John Galt
Member

Northern Ireland will always be a special case, as it “belongs” both to the UK and the island of Ireland. Not really. Northern Ireland is, at best, a place in political transition. Sure, that transition began nearly a century ago with the partition of Ireland and it still hasn’t been completed, but it will, in time. The partition of Ireland is a political relic that will gradually fade as generations grow up without division and violence. I doubt that Northern Ireland will exist by the latter half of this century, since what unites the people of Northern Ireland is greater… Read more »

Spike
Member

John, I did not intend to argue for or against Unification but merely that N.I. has a dual status. My use of “always” is inappropriate.

John Galt
Member

It’s not a problem Spike. I’m just trying to explain why the current situation in Northern Ireland cannot be forever. Neither the Unionists nor the Nationalists can “Win” the argument, since neither can prevail over the other, either through terrorism or politics. I don’t know what the future will bring for Northern Ireland, but it cannot be to remain divided across sectarian lines as they are today. What I believe is that those sectarian lines will become less and less important over time and that what will assert itself is a sense of broader community of those living in Northern… Read more »

Spike
Member

I wonder if you have no other agenda. While “the current situation…cannot be forever,” as no situation has ever been, Ireland could remain divided and N.I. could see itself as more British than Irish. Granted that the border is the result of a war, with much violence after the war ended. So are ours in the U.S. That doesn’t mean that we didn’t decide for ourselves (though none of us fought in those wars), nor make our borders illegitimate. Religion does not justify a border, but there is also history, inertia, and now, desire to be out of the EU.… Read more »

John Galt
Member

Will you only think self-determination has occurred when your opinion prevails Not really, since self-determination is a journey, not a destination. It may well be that the next stop on the journey of Northern Ireland will not be a United Ireland (indeed I freely admit that might never come to pass), but rather an independent nation within the European Union and Commonwealth retaining the British monarch as head of state. That would certainly seem to resolve many of the current difficulties. …or it might be something else…nobody knows… One thing that I am certain of is that the current sectarian… Read more »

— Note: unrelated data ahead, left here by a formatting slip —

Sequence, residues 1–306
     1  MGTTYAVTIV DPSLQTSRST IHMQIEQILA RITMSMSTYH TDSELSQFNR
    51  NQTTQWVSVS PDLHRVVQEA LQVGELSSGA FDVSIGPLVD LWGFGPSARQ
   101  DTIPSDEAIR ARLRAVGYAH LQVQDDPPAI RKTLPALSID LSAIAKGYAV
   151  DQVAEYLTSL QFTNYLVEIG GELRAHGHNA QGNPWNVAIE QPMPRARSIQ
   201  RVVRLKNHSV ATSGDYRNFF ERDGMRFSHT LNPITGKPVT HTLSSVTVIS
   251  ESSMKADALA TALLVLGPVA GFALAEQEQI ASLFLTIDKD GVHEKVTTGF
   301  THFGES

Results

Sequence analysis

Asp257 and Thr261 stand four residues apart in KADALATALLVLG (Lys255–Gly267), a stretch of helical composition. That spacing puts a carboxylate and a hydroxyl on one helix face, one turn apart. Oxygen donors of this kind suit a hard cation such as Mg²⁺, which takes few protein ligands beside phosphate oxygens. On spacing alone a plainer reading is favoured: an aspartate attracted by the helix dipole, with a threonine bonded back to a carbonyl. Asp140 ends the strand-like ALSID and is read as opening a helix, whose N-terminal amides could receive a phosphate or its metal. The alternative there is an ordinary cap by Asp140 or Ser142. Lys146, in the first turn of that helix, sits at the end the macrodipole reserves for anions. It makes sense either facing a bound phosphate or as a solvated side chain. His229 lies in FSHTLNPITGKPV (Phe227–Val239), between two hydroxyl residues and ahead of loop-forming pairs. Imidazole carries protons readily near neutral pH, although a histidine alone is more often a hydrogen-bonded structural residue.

GR8M8S
Member
GR8M8S

And what about all those pesky migrants arriving in the UK via Ireland? Shift the immigration counter to UK employers, the NHS (Hallowed-be-thy-name) and social welfare department?

Quentin Vole
Member
Quentin Vole

The UK and Ireland already operate their own mini-Schengen and there’s no reason why that can’t continue after Brexit if both sides wish (plenty of non-EU members of Schengen). If it’s not a major problem now, it shouldn’t be then.

Ian Reid
Member
Ian Reid

Richard North you won’t be surprised to hear takes a different view. I’m inclined to agree with him. You can read his take on this here:- http://eureferendum.com/blogview.aspx?blogno=86991

Timmy has two black spots, Brexit and climate change. For the record I voted for Brexit, and will take whatever fudged up cluster copulation the Tories put together, because it is the only prospect of ever ever leaving the EU in my lifetime. But it could have been so much better.

As it stands May will be delivering an economic catastrophe, and a Corbyn government.

Spike
Member

I know a hatchet job when I see one. This blog begins by calling the Brexit “ultras” liars, then speculating on their states of mind. Spends little time actually rebutting them. Granted that their statement of a net benefit to the British economy is dicey and multiplied by extending over multiple years. No one knows the sum for sure. But freedom (even national freedom) is optimal for the economy compared to restraints on freedom. Best of all, put no British tariff on anyone who wants to ship food or tools into the nation. Meanwhile, in my book, Timmy does not… Read more »